And Simon answered, “Master, we toiled all night and took nothing! But at your word I will let down the nets.” And when they had done this, they enclosed a large number of fish, and their nets were breaking. They signaled to their partners in the other boat to come and help them. And they came and filled both the boats, so that they began to sink.

But when Simon Peter saw it, he fell down at Jesus’ knees, saying, “Depart from me, for I am a sinful man, O Lord.” For he and all who were with him were astonished at the catch of fish that they had taken, and so also were James and John, sons of Zebedee, who were partners with Simon.

And Jesus said to Simon, “Do not be afraid; from now on you will be catching men.” And when they had brought their boats to land, they left everything and followed him. [Luke 5:1-11 ESV]

Peter recognized the truth of his sinfulness and begged Jesus to leave him. That which is sinful cannot exist in the presence of that which is not sinful. Man cannot stand before God without sin first being covered, hidden from Him, or expunged, or dying and being removed from His presence.  Peter, at that moment, the beginning of his training, became “poor in spirit” against his will. He was forced to see the truth by obvious circumstances.

Then, at the end of his training, while Jesus is standing in a courtyard facing the those who would soon murder him, Peter three times denied knowing Him. This was the fulfillment of a prediction Jesus had made only a few hours earlier. As soon as Peter denied Him the third time “the Lord turned and looked at Peter. And Peter remembered the saying of the Lord, how he had said to him, ‘Before the rooster crows today, you will deny me three times.’ And he went out and wept bitterly” [Luke 22:61-62 ESV].  Peter realized the consequences of his sin and “mourned” in a way he had never experienced. Saying he was willing to die for Jesus Peter was confronted by the lie in his boast. Both of these characteristics, being “poor in spirit” and “mourning” precede “meekness” and make it real.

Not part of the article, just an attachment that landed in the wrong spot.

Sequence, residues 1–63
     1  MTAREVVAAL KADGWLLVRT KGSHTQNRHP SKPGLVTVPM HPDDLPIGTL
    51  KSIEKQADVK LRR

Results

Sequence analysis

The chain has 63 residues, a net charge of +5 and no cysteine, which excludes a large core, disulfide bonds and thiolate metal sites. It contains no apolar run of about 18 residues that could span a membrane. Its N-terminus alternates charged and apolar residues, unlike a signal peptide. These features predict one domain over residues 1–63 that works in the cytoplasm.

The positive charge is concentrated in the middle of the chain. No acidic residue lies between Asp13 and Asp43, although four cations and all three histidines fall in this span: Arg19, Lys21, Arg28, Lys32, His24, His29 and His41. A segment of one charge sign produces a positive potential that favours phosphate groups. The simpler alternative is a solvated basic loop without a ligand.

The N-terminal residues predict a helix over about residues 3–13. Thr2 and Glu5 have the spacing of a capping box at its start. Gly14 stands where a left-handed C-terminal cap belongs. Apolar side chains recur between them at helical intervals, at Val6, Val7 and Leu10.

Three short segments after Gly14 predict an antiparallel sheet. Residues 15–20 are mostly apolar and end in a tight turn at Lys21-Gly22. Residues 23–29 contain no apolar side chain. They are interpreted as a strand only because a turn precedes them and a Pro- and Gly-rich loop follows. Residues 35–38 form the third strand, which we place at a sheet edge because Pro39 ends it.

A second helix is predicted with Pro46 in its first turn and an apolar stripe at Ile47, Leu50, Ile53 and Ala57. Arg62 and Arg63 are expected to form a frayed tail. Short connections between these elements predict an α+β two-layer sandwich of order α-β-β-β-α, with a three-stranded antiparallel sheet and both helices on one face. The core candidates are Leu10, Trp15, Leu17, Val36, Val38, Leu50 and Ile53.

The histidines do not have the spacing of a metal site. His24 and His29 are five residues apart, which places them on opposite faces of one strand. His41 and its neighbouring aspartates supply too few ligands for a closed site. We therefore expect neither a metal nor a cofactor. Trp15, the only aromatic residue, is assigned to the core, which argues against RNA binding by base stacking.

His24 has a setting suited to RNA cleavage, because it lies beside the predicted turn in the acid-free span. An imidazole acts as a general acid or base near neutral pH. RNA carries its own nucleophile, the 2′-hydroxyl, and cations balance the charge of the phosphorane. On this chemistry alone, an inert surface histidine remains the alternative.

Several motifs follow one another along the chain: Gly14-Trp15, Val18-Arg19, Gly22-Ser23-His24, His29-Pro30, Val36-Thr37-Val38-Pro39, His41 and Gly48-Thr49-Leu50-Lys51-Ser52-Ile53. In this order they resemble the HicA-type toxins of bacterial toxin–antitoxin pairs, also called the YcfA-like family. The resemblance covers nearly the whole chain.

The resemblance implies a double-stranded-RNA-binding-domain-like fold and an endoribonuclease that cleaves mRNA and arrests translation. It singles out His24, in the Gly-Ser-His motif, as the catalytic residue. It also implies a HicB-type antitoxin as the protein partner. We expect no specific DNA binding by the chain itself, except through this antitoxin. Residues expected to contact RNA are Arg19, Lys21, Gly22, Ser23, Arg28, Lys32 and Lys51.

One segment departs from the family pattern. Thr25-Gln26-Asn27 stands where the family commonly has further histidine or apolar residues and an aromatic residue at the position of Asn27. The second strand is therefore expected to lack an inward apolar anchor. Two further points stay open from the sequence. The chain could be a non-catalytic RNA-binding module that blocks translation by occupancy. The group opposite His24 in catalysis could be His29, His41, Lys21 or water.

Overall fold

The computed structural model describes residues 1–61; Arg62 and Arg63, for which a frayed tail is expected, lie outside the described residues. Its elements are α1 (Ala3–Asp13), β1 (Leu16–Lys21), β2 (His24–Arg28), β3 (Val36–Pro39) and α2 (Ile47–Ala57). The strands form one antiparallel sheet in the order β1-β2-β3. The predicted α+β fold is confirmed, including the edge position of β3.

Peter showed himself a hard working man unafraid of taking chances. If he saw the Lord doing something then he followed. When he saw Jesus walking on water, surrounded by the churning water and waves of the Sea of Galilee, enveloped in a raging storm, he asked to come to Him. All the other disciples were afraid when they saw Him, as they struggled against the waves to move their boat forward. Peter, an experienced seaman, knowing the dangers faced by all, the deadliness of the Sea, the ferocity of the storms, got out of the boat. None of the others followed.

Peter was the one with the suggestions, the boldness to confront the religious hypocrites, to speak to the Gentiles called by God, and even admit his own sin. When he sinned he faced it squarely, repented, and moved ahead. God and Peter struggled together, like Jacob wrestling the Angel of the Lord. Like Moses, he had to be dragged into the ministry when called by Jesus. He was compelled to follow in a way he could not avoid. Like David when he sinned greatly he repented deeply and thoroughly. Like Nehemiah he prayed continually. He inherited the world, but not as the world viewed as successful. As the apostle to the Jews he was the recognized leader of the Church in the world. Not the head of the Church, which belongs only to Jesus, but a recognized authority for the time he continued to live as one who had been chosen by and walked with the Lord of all.